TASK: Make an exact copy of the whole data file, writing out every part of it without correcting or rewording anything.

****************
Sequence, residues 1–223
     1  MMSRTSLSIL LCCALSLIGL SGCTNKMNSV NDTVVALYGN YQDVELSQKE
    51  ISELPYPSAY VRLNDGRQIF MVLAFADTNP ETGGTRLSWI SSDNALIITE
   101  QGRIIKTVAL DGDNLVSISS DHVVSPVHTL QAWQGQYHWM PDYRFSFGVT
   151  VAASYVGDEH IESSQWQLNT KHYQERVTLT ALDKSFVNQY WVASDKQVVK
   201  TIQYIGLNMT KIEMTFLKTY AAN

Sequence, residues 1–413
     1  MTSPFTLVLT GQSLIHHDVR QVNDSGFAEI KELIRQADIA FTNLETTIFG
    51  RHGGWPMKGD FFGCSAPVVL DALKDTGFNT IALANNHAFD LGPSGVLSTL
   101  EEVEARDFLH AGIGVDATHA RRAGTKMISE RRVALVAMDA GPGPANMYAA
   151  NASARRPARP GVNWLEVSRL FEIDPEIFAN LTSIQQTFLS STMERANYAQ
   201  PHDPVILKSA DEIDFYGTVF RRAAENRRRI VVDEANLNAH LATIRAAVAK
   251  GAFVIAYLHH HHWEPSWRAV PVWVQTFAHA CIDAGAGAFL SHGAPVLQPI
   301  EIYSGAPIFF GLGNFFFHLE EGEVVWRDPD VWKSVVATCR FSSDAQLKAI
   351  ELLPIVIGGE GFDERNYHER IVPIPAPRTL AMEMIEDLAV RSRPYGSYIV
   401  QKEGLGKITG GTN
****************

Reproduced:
Sequence, residues 1–223
     1  MMSRTSLSIL LCCALSLIGL SGCTNKMNSV NDTVVALYGN YQDVELSQKE
    51  ISELPYPSAY VRLNDGRQIF MVLAFADTNP ETGGTRLSWI SSDNALIITE
   101  QGRIIKTVAL DGDNLVSISS DHVVSPVHTL QAWQGQYHWM PDYRFSFGVT
   151  VAASYVGDEH IESSQWQLNT KHYQERVTLT ALDKSFVNQY WVASDKQVVK
   201  TIQYIGLNMT KIEMTFLKTY AAN

Sequence, residues 1–413
     1  MTSPFTLVLT GQSLIHHDVR QVNDSGFAEI KELIRQADIA FTNLETTIFG
    51  RHGGWPMKGD FFGCSAPVVL DALKDTGFNT IALANNHAFD LGPSGVLSTL
   101  EEVEARDFLH AGIGVDATHA RRAGTKMISE RRVALVAMDA GPGPANMYAA
   151  NASARRPARP GVNWLEVSRL FEIDPEIFAN LTSIQQTFLS STMERANYAQ
   201  PHDPVILKSA DEIDFYGTVF RRAAENRRRI VVDEANLNAH LATIRAAVAK
   251  GAFVIAYLHH HHWEPSWRAV PVWVQTFAHA CIDAGAGAFL SHGAPVLQPI
   301  EIYSGAPIFF GLGNFFFHLE EGEVVWRDPD VWKSVVATCR FSSDAQLKAI
   351  ELLPIVIGGE GFDERNYHER IVPIPAPRTL AMEMIEDLAV RSRPYGSYIV
   401  QKEGLGKITG GTN